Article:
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Lung Cancer |

Spontaneous Adrenal Hemorrhage: A Rare Presentation of Lung Cancer

Faria Nasim, MD; Anas Hadeh, MD; Laurence Smolley, MD; Eduardo Oliveira, MD
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Cleveland Clinic Florida, Weston, FL


Chest. 2013;144(4_MeetingAbstracts):607A. doi:10.1378/chest.1703017
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Abstract

SESSION TITLE: Cancer Case Report Posters II

SESSION TYPE: Affiliate Case Report Poster

PRESENTED ON: Tuesday, October 29, 2013 at 01:30 PM - 02:30 PM

INTRODUCTION: Adrenal metastasis from lung cancer is common. Adrenal hemorrhage from lung cancer metastasis to the adrenal gland is extremely rare. We present a case of adenocarcinoma of lung that presented as massive bilateral retroperitoneal hemorrhage from adrenal gland metastasis.

CASE PRESENTATION: 72 year old female with fifty pack-year smoking history was admitted to the intensive care unit with abdominal pain and nausea. She had a distended abdomen with guarding, rebound and Grey Turners sign bilaterally. Her breath sounds were decreased on the right. She was evaluated by a computerized tomography (CT) scan of the chest, abdomen and pelvis with intravenous contrast. Bilateral heterogeneously enhancing adrenal masses measuring 5 cm with a 9 x 5 cm right retroperitoneal multiloculated hematoma were seen. Large right pleural effusion and a 2 cm right hilar lymph node with seen on the CT chest. Pleural fluid cytology was negative for malignancy. An endobronchial ultrasound (EBUS) bronchoscopy with biopsy of the hilar lymph node was diagnostic for adenocarcinoma. MRI confirmed the nature of bilateral peripherally enhancing adrenal masses consistent with hemorrhagic adrenal metastasis. Biochemical testing (serum cortisol, adrenocorticotropic hormone [ACTH], catecholamines, aldosterone, anddehydroepiandrosterone [DHEA]) did not suggest a hormonally active tumor excluding pheochromocytomas and adrenocortical cancers. Patient opted for palliative care.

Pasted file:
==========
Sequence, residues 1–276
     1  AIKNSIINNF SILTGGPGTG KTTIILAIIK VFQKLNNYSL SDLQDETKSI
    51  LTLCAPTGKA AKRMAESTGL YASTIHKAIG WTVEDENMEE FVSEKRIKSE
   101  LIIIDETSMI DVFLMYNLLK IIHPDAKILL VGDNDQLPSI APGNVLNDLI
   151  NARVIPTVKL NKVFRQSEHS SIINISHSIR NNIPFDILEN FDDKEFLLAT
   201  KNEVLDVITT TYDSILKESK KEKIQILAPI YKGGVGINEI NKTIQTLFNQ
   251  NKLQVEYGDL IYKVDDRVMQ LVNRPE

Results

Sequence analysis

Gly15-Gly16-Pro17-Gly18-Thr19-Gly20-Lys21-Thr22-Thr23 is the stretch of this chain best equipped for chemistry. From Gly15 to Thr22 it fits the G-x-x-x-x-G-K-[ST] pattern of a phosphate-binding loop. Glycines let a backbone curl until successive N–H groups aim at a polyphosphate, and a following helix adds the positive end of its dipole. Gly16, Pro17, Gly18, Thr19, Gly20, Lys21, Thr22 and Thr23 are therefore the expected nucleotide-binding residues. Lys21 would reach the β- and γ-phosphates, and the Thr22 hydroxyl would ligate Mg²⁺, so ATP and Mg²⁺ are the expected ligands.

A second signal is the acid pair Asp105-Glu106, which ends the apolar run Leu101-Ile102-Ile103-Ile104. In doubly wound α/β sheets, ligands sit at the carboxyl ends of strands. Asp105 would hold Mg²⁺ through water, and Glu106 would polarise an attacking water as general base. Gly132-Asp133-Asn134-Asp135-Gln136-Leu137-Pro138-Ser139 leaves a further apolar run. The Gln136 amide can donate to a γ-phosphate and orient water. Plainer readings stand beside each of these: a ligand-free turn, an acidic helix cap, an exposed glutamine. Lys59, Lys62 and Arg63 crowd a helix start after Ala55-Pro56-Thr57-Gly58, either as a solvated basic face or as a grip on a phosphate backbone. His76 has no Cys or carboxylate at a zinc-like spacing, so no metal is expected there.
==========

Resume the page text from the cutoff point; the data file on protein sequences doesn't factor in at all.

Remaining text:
DISCUSSION: Adrenal metastasis from lung cancer is usually asymptomatic. It is often found during cancer staging imaging. Adrenal hemorrhage is usually diagnosed on CT scan. Magnetic resonance imaging is most accurate for differentiating adrenal mass from hemorrhage. The adrenal gland is highly vascular and particularly susceptible to hemorrhage. Adrenal mass with hemorrhage cannot be biopsied. There are 139 reported cases of spontaneous hemorrhagic adrenal masses identified in literature. Lung cancer was found as a primary cancer in one of these cases. (1) To our knowledge, only five publications have previously described hemorrhagic adrenal metastases from lung cancer (2-3). The case is presented here because of its rarity.

CONCLUSIONS: Hemorrhagic adrenal metastasis from lung cancer is extremely rare although adrenal involvement is common in disseminated cancer. In patients presenting with acute flank or back pain and evidence of retroperitoneal hemorrhage with adrenal metastasis, lung cancer should be considered in the differential diagnosis.

Reference #1: Marti JL et al Spontaneous adrenal hemorrhage with associated masses: etiology and management in 6 cases and a review of 133 reported cases.World J Surg. 2012 Jan;36(1):75-82.

Reference #2: Hiroi N et al Retroperitoneal hemorrhage due to bilateral adrenal metastases from lung adenocarcinoma. J Endocrinol Invest. 2006 Jun;29(6):551-4.

Reference #3: Kinoshita A et al Massive adrenal hemorrhage secondary to metastasis of lung cancer. Intern Med. 1997 Nov;36(11):815-8.

DISCLOSURE: The following authors have nothing to disclose: Faria Nasim, Anas Hadeh, Laurence Smolley, Eduardo Oliveira

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